Fibromyalgia (FM) is a condition that is characterized by widespread, generalized pain “all over” the body that does not follow any specific anatomical pathway like the course of a nerve, muscle, or blood vessel. It is often diagnosed only after all other conditions have been eliminated by using various testing approaches such as blood tests, x-ray, CT or MRI Scans, and others.
Controversy exists between health care providers (HCP’s) as some believe that FM either doesn’t exist at all or if it does, it’s grossly over diagnosed while others feel most patients have some form or degree of FM. Because of this common split in beliefs, patients may be treated poorly by those non-believing HCP’s, which often alienates them from seeking further care for FM.
Recent literature suggests FM is disorder of “central pain processing” or, a specific situation where the pain threshold (the point where pain is felt) is reached sooner than what is normal. Fibromyalgia has been classified into 2 separate groups – primary and secondary FM. Primary FM is diagnosed when no known cause can be identified while secondary FM is related to a specific cause such as a disease or condition. Conditions that have been reportedly associated with FM include irritable bowel syndrome (IBS), TMJ (jaw disorders), chronic low back pain, and headaches. There are genetic as well as environmental factors associated with FM.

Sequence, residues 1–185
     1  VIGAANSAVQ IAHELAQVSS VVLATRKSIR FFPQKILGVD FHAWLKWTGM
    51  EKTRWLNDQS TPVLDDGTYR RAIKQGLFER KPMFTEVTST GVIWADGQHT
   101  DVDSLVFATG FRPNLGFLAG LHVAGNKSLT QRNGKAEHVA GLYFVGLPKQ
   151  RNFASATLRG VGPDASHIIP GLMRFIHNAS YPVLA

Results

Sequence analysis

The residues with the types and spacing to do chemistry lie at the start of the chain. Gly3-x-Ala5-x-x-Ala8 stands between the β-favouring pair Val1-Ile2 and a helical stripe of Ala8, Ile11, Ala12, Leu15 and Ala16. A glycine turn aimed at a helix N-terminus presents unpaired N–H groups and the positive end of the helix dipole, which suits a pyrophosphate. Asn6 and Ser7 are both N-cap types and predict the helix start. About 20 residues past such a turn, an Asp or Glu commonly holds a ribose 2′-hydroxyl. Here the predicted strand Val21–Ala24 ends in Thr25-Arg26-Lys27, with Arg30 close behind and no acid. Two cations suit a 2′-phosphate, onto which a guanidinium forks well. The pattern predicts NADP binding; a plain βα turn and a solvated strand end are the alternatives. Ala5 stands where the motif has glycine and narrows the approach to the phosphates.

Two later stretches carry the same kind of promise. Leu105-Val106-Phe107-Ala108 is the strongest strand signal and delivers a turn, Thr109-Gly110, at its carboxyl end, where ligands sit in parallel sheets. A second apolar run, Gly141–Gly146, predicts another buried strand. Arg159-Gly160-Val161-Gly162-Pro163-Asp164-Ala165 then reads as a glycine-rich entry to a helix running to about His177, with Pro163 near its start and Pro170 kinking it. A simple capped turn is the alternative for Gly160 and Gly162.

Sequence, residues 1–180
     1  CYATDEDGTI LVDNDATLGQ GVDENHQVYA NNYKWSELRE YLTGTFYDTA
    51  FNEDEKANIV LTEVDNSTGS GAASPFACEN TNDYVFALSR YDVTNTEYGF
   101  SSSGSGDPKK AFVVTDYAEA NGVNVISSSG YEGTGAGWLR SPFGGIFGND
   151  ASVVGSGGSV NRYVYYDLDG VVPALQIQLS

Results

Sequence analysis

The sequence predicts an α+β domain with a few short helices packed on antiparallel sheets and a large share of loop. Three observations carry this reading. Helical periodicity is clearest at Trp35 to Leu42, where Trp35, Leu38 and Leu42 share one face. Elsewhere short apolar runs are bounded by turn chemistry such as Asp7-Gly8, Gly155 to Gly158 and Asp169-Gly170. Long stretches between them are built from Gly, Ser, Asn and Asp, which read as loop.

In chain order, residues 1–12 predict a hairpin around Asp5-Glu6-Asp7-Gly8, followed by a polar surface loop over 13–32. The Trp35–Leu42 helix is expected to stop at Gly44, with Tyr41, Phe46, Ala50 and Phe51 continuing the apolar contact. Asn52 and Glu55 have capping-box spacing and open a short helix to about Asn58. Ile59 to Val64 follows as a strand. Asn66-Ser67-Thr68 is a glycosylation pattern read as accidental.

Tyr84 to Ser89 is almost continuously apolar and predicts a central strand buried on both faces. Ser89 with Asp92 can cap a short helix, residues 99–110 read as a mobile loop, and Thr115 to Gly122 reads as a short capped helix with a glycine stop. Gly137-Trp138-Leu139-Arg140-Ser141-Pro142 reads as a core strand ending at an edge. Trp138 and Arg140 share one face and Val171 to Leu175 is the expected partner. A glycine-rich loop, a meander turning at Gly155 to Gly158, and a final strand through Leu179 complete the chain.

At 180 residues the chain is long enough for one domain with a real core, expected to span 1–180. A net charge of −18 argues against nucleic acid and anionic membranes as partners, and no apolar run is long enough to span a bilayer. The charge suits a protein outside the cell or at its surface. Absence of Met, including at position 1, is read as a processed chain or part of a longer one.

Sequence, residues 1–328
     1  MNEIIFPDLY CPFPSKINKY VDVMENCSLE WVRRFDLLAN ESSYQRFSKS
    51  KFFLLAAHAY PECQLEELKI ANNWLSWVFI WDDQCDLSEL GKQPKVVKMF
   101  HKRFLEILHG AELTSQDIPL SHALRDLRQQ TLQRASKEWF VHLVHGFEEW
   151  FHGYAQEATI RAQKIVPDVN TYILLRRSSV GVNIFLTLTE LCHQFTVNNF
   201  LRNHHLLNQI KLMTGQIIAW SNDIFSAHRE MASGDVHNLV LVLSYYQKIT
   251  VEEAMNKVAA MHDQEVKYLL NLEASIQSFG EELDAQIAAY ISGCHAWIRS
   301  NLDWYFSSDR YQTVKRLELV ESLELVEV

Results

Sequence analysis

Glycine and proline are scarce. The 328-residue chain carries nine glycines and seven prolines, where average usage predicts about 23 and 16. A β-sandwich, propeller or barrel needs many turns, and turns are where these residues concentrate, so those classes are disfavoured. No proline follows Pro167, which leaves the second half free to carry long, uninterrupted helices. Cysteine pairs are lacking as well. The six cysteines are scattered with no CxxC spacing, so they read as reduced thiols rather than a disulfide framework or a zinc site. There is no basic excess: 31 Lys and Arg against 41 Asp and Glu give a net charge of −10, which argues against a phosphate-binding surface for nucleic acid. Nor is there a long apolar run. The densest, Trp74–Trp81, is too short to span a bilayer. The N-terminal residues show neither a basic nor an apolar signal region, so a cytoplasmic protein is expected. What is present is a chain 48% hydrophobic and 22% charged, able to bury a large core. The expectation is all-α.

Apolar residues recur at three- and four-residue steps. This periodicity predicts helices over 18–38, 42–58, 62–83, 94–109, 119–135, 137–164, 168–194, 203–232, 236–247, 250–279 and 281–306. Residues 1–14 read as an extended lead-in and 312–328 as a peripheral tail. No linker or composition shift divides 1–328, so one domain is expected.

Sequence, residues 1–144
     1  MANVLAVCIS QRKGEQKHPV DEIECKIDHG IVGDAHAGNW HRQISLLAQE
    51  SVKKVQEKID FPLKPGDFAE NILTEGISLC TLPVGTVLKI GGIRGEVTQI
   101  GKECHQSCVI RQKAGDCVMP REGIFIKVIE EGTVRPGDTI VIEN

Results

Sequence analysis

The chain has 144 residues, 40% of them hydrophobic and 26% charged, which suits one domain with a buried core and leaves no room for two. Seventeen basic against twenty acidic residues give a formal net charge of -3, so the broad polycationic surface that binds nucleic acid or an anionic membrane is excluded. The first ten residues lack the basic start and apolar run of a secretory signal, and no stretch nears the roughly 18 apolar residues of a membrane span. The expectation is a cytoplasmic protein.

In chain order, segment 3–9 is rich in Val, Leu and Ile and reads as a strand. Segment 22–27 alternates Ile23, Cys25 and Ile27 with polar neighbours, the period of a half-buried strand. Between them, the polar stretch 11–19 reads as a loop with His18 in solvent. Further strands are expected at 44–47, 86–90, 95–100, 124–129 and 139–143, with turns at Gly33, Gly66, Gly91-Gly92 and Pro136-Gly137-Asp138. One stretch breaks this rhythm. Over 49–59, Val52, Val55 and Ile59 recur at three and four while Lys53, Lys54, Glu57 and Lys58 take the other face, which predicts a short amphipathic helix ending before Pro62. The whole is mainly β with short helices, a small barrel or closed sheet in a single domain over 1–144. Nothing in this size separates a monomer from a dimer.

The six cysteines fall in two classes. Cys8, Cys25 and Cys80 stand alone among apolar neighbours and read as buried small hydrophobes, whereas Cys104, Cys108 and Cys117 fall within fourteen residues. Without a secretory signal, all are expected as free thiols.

Researchers have found that there is a strong familial component with 1st degree relatives where an 8 fold greater risk of developing FM compared to the general population exists. These people are also more likely to have one of the other associated conditions previously mentioned (IBS, TMJ, headaches). Environmental factors can lead to FM in 5-10% of the cases. Some of these include physical trauma such as car accidents, following infections such as parvovirus, Epstein-Barr virus, and Lyme disease.
Psychological stress, hormonal alterations such as hypothyroid, drug side effects, vaccination reactions and certain catastrophic events such as war are included in the “environmental factors” category. Gender differences include woman being 2-3 times more likely to suffer from FM than men.